The business of New Zealand Inc is continuing to look healthy, with Crown finances performing much better than expected so far in the current financial year due to higher than expected tax revenues and lower than expected expenses.
With the financial position in the first five months of the current year nearly $1 billion better off than the most recent forecast, this suggests the Government may do quite a bit better than the $473 million surplus forecast in December for the June year.
Here’s the official statement from Treasury:
The Financial Statements of the Government of New Zealand for the five months ended 30 November 2016 were released by the Treasury today.
The statements are compared against forecasts based on the 2016 Half Year Economic and Fiscal Update (HYEFU) published on 8 December 2016.
The operating balance before gains and losses (OBEGAL) was a deficit of $768 million for the five months to 30 November 2016, compared to a forecast deficit of $1,704 million.
This favourable variance of $936 million was largely due to core Crown tax revenue being higher than forecast and core Crown expenses being lower than forecast. Core Crown tax revenue at $28.8 billion, was $460 million or 1.6% higher than forecast and $2.5 billion (9.4%) higher than for the same period last year. GST revenue was $252 million (3.3%) above forecast and corporate tax revenue was $87 million (2.5%) above forecast. It is currently too early to know if these variances are timing in nature or will be permanent.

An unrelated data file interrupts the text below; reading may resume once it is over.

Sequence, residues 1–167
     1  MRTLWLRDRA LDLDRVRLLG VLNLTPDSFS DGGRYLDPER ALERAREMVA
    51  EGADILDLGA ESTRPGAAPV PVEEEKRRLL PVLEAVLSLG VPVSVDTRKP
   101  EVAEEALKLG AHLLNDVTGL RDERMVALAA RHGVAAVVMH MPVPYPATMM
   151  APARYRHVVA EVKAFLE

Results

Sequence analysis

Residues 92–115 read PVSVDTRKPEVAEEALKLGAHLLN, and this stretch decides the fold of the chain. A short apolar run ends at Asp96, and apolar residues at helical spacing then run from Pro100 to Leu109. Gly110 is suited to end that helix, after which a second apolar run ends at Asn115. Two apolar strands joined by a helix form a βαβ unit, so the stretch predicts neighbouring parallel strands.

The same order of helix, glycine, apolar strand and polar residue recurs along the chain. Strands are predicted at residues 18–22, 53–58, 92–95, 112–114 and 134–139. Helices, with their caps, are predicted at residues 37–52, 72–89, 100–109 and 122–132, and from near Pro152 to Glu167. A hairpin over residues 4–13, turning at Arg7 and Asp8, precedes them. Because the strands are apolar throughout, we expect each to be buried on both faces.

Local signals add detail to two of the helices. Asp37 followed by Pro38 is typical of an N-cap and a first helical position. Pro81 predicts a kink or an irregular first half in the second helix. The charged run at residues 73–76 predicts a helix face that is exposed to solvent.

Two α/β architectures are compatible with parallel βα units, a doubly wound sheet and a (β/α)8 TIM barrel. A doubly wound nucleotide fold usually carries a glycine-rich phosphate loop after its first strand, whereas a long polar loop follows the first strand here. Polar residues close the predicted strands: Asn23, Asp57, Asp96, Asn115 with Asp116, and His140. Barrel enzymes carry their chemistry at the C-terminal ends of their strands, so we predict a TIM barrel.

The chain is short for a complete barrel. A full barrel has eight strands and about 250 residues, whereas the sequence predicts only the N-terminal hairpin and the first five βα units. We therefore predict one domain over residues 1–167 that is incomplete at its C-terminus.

The preliminary estimated fiscal cost of the Kaikōura earthquakes is expected to be between $2 billion and $3 billion. As a result, $1 billion was added to the HYEFU 16 forecasts in relation to estimated costs that could not be met by insurance proceeds, reprioritisation or existing budget allowances. An initial estimate of EQC claims costs has been included in the November results, but a number of other costs are currently too uncertain to recognise in the actual results.
Over time, as reasonable estimates are able to be made, we expect that these costs will be recognised and included. As a result, Core Crown expenses were slightly under forecast, at $31.7 billion.
Net gains were $5,358 million ($2,550 million higher than forecast), mostly as a result of a decrease in the ACC claims liability due to an increase in the discount rate used to convert future cash flows into present day dollars (resulting in an actuarial gain of $3,468 million).
Net gains combined with the OBEGAL deficit resulted in an operating balance surplus of $4,692 million, $3,483 million higher than forecast. The higher surplus largely contributed to net worth attributable to the Crown being $3,484 million ahead of forecast.
Core Crown net debt and the core Crown residual cash deficit were close to forecast. Gross Debt however, was $1,057 million lower than forecast as a result of increased repurchasing of government stock.